and I will find you there and I will mend your heart

This title comes from the song “Mend Your Heart” by William Fitzsimmons.  It is one of the songs that I have added to my epicly amazing playlist on Grooveshark that is entitled “paper writing excellence.”  (See my facebook status for more info)
So I’m sitting in the library just now and I’m writing a paper on Matthew 6:9-15 which is more commonly known as The Lord’s Prayer.  Now this paper has been weeks in the making.  We wrote it in three parts, the first was just our interaction with the text.  We had to read it and reply with no other books used than our bibles.  The second stage was our research stage.  We were to use 5 commentaries and do a words study with a theological dictionary.  Finally we are on the third stage where we put together our thoughts and the thoughts of the scholars in order to write a comprehensive paper which we will be able to look back on if we ever need to preach on this topic.
So here I sit on the third floor of my beloved library (or cursed library, either way) typing away and sipping coffee when this line of this song slips through my thoughts and screams, “LISTEN TO ME.”  So I pause, rewind the song and listen a little more intently to see what the song has for me.  The song itself is about a girl and it’s a sad song (shockingly enough, a sad song by William Fitszsimmons – that’s sarcasm by the way, if you are unfamiliar with his library, it’s pretty much all depressingly sad.)  The song isn’t necessarily applicable to every day life unless you are in a weird twisted relationship.
But there are a couple of lines in it that I found most intriguing.  But mostly this line from the chorus, or should I say this line that IS the chorus.  These two meager sentences repeated over and over make up the very simple chorus.
Before I go on to say the significance, let me share one more thing and then we’ll put it together.  In my Theology and Film class this week we were talking about happiness and joy and the difference between the two.  My professor was talking about the advent season.  He pointed out that sometimes we are rejoicing vicariously for other people in our lives that are not in a place to rejoice.  And sometimes we are rejoicing out of sheer obedience rather than actually feeling it, and that’s okay.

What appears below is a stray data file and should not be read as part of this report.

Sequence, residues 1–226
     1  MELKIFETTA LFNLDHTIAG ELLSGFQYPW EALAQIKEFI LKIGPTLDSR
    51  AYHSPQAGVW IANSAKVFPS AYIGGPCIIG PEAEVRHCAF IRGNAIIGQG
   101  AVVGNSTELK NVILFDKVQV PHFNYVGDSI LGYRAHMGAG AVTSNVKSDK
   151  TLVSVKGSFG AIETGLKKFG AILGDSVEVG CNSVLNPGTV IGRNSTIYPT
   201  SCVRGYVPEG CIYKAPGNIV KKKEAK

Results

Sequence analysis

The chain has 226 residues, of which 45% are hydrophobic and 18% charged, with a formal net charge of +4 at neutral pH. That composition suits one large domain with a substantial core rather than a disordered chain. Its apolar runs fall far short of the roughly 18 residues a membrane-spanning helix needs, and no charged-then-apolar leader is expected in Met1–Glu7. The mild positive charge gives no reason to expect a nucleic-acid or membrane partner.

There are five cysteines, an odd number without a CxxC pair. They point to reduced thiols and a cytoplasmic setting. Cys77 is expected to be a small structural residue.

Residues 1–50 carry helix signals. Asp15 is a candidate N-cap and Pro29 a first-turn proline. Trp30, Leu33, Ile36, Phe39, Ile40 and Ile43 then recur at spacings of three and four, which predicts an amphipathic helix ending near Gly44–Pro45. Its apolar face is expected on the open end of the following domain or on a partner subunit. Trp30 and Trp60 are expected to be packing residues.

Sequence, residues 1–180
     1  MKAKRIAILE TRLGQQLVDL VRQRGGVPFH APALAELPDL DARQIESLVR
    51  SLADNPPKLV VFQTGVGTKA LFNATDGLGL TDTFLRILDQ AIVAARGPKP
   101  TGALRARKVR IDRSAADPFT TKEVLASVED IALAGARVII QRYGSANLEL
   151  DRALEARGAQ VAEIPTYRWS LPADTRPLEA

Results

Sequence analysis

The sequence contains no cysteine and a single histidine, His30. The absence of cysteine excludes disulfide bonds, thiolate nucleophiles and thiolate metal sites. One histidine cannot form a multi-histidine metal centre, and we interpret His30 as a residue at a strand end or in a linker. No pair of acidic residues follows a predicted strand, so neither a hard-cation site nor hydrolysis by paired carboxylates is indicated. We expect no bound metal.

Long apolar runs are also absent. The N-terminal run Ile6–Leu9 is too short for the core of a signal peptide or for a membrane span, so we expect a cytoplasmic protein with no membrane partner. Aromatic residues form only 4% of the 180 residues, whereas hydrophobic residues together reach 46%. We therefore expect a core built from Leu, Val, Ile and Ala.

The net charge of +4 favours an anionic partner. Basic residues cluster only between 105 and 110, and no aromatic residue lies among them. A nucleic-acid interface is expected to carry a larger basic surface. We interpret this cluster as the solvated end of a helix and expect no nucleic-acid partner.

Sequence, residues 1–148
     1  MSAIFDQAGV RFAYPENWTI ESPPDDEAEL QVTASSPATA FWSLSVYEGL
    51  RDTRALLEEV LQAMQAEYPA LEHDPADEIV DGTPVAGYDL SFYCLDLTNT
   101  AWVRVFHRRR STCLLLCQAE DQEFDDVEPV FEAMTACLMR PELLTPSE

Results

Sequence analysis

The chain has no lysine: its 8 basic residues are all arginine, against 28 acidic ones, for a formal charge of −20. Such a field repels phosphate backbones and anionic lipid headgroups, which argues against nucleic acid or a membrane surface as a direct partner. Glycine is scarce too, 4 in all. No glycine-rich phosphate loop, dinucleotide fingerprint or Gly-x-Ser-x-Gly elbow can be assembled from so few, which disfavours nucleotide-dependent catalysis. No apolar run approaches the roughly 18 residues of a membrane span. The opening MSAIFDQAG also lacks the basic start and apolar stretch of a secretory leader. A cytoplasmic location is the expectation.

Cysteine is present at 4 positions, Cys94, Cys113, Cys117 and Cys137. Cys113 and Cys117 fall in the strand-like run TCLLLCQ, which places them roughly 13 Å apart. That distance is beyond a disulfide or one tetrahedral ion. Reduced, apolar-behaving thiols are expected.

It hit me like a ton of bricks.  I realized that last year I was going through the motions of Christmas, obviously it was a bitter sweet moment of unbearable pain of losing my dad and the joy of the birth of my Savior.  I love Christmas, we all know this.  But last season I was going through the motions and looking back on it I realized how guilty I felt for doing it so half-heartedly.  But that’s okay.  It’s okay because in those places of immense pain, God finds us and mends our hearts.
Last weekend was the one year anniversary of losing my dad, and as awful as the weekend was, it gave me the chance to tangibly look at the places where God has entered into my life and begun mending.  He has blessed me in ways I never thought possible, he has provided a place for me, far away from home and the familiar to let my guard down and be me.  And to be loved for who I am.
The thing is, I know that I never fully asked God to come in and mend my heart, he found me here.  He is a faithful God and knew what I needed when all I could do was sit at his feet with no words.  No clue what my heart needed and what I needed from him.  I did nothing extraordinary, no clear seeking out answers for my pain, I just prayed for God to be real in this place.  And he is.  He found me, in this place and he began the work in me until I was ready to join in the effort.
un-believable.  and yet so real I can’t help but believe.

Leave a Reply

Your email address will not be published. Required fields are marked *